Letters to the editor March 6
Make it happen
It is critically important to ensure all Pennsylvania high-school graduates learn about the Holocaust and genocide.
The Holocaust Awareness Museum of the Delaware Valley has been in the forefront of the movement to mandate Holocaust education in Pennsylvania. Our efforts to achieve passage of HB 1424 with this mandate have been endorsed by the Federation of Jewish Agencies of Greater Philadelphia.
In response to your Feb. 27 article, “Differences over mandate wording Holocaust ed. bill puts passage in doubt,” we believe a mandate will become law if we all get behind it. It passed unanimously in the Senate Appropriations Committee (25-0) in December. This measure has bipartisan support. Once it passes the full Senate we are confident that it will pass the House. The mandate version failed by only one vote a few months ago. We have spoken with many representatives who voted “no” but are now interested in seeing it pass.
The Pennsylvania Department of Education has an established policy that it does not compose curricula; this is left to the 501 local school boards.
There is a precedent for educational topics to be specified by statute; check the Academic Standards for History in the Pennsylvania Code.
Organizations such as ours are eager to provide educational support comprised of lesson plans, materials and presentations from survivors and liberators.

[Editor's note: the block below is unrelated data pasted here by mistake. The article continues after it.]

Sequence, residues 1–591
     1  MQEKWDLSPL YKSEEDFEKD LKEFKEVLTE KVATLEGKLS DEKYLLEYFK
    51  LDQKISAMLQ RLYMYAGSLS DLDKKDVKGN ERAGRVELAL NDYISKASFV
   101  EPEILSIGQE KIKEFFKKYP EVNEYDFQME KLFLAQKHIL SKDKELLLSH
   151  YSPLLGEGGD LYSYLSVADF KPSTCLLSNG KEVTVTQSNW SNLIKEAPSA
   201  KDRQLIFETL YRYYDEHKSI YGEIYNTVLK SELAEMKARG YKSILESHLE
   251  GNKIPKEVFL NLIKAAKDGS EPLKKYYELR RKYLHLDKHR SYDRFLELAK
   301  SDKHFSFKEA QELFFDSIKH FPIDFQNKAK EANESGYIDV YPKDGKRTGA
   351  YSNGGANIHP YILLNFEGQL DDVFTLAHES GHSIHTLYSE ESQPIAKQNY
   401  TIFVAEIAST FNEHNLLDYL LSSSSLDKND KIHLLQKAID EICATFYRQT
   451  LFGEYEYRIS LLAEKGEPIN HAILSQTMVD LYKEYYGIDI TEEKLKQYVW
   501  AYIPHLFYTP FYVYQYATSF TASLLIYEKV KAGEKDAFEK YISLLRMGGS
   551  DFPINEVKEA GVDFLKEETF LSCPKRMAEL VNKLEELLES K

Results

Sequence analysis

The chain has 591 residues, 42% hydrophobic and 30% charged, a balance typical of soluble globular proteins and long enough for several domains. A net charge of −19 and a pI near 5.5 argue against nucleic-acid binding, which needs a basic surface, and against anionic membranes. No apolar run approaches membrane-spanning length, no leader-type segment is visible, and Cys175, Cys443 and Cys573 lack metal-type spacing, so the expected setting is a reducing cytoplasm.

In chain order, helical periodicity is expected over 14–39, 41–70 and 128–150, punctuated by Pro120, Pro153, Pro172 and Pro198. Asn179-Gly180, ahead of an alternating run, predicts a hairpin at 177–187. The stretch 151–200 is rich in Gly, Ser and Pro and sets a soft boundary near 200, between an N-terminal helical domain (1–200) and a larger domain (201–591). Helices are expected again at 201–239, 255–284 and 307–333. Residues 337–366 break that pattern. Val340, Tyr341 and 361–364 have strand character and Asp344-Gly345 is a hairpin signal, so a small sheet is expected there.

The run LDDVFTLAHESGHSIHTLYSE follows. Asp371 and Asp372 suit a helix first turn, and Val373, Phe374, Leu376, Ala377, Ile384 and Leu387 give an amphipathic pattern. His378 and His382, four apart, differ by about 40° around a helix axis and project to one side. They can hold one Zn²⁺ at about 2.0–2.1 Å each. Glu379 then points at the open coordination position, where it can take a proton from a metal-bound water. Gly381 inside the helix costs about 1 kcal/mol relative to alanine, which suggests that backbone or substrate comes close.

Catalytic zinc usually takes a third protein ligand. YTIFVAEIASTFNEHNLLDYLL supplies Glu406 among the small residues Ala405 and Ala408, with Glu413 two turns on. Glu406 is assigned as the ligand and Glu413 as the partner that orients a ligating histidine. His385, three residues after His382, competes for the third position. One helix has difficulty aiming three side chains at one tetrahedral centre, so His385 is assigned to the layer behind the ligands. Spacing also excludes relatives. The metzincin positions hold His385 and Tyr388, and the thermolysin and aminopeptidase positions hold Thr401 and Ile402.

The Holocaust Awareness Museum has extensive experience on the front line of Holocaust education in our area’s schools. Last year, we presented 268 programs with eyewitness testimony about the dangerous societal impact of government-sponsored hatred and bigotry. Holocaust survivors and liberators, and volunteers with our organization, reached over 35,000 students with an urgent message promoting tolerance and vigilance. All students must be taught how bigotry can foment mass murder.
The status quo is that college students who attend public schools in Pennsylvania where such curriculum is voluntary, are woefully unaware of these darkest days of humanity.
Holocaust deniers are increasing, even as survivors and liberators still walk among us. How will we be able to combat the denials that will surely increase when our survivors are gone, if our graduates do not have the knowledge that only a mandate will insure?
After the unanimous vote for the mandate from the Senate Appropriations Committee, why are our colleagues so pessimistic and timid? We urge them and all of your readers to enlist now in our fight to join New Jersey, New York and other states that are successfully teaching this important subject.
We can make it happen.
(The author is president of the Holocaust Awareness Museum & Education Center of the Delaware Valley.)